Legal Studies 3080

Mens Rea

It probably seems natural to you that a person cannot be found guilty of a crime unless that person intended to commit it, in other words, unless the mens rea was present. However, mens rea can become a tricky thing to deal with. It is more complex a matter than it first appears.
The mental state required for mens rea to be said to exist can be divided into two types:

    • intent or knowledge
    • recklessness


Intent or Knowledge

As the words suggest, in situations where intent or knowledge must be present for mens rea to exist, it must be established that some sort of intention or understanding was present.


Recklessness, Strict Liability, and Absolute Liability

Sometimes the state of mind necessary to establish mens rea is recklessness. And in some situations, no mens rea is necessary at all.


  • Recklessness: a mental attitude whereby no attention is paid to the possible consequences of an act.
  • Strict liability offence: an offence for which no mens rea need be established by for which an accused may be allowed the defence that reasonable preventative steps were taken.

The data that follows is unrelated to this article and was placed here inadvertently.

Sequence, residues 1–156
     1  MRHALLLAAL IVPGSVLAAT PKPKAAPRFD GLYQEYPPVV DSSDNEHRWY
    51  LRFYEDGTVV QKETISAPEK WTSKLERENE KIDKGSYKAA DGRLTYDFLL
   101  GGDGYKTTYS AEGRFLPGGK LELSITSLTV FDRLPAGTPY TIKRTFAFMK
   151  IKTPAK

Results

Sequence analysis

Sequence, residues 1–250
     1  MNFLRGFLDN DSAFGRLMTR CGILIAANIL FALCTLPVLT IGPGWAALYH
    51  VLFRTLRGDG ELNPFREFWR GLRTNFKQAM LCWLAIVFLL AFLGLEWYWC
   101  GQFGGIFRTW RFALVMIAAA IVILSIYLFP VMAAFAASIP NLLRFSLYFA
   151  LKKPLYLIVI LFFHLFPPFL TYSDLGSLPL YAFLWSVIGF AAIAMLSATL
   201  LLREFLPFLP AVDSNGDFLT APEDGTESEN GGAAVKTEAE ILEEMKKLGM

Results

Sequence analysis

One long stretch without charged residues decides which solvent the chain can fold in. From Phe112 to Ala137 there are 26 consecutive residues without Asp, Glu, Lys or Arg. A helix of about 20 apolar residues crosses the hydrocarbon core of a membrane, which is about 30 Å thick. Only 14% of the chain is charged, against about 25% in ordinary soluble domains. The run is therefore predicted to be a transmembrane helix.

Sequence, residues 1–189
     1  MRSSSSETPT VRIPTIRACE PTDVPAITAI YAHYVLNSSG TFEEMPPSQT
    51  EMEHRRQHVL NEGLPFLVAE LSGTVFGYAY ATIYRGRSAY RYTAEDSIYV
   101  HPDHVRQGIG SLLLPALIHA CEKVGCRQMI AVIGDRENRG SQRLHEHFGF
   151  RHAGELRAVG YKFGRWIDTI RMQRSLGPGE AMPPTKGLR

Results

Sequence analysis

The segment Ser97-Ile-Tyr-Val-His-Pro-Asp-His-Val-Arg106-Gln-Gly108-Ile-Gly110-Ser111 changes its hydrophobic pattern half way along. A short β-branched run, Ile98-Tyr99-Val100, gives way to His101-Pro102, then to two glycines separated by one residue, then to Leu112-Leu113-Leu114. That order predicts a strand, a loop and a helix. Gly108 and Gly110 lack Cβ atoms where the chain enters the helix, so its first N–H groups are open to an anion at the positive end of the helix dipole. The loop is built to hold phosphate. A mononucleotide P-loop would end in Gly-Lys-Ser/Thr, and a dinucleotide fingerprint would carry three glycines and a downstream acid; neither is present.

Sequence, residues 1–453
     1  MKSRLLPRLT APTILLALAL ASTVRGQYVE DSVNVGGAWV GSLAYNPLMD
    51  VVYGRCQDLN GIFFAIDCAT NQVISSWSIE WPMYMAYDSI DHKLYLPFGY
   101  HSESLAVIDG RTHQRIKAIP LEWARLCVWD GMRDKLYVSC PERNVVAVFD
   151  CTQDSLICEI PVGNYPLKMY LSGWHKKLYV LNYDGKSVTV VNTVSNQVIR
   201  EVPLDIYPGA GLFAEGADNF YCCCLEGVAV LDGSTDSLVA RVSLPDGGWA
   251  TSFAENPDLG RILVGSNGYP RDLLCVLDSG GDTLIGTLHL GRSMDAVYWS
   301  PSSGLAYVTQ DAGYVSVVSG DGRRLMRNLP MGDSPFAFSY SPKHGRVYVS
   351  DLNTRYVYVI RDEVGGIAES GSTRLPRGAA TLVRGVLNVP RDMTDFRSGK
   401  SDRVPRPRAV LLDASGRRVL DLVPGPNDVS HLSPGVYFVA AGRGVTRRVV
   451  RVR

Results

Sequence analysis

• Absolute liability offence: an offence for which no mens rea needs be established and which allows no defence.
  • Attempt: a criminal offence that is committed when a person tries but fails to commit a crime.
  • Conspiracy: a criminal offence that occurs when to or more people plan to commit a crime.

Closely related to recklessness is the legal concept of willful blindness - a failure to find something out after learning the need to find out. For instance, imagine that you were asked to carry a package for someone and you strongly suspected that it contained drugs. If you deliberately made no inquiries and took possession of the package, intending to plead (honestly) to the police that you were not sure what the package contained, you might well be found guilty of willful blindness.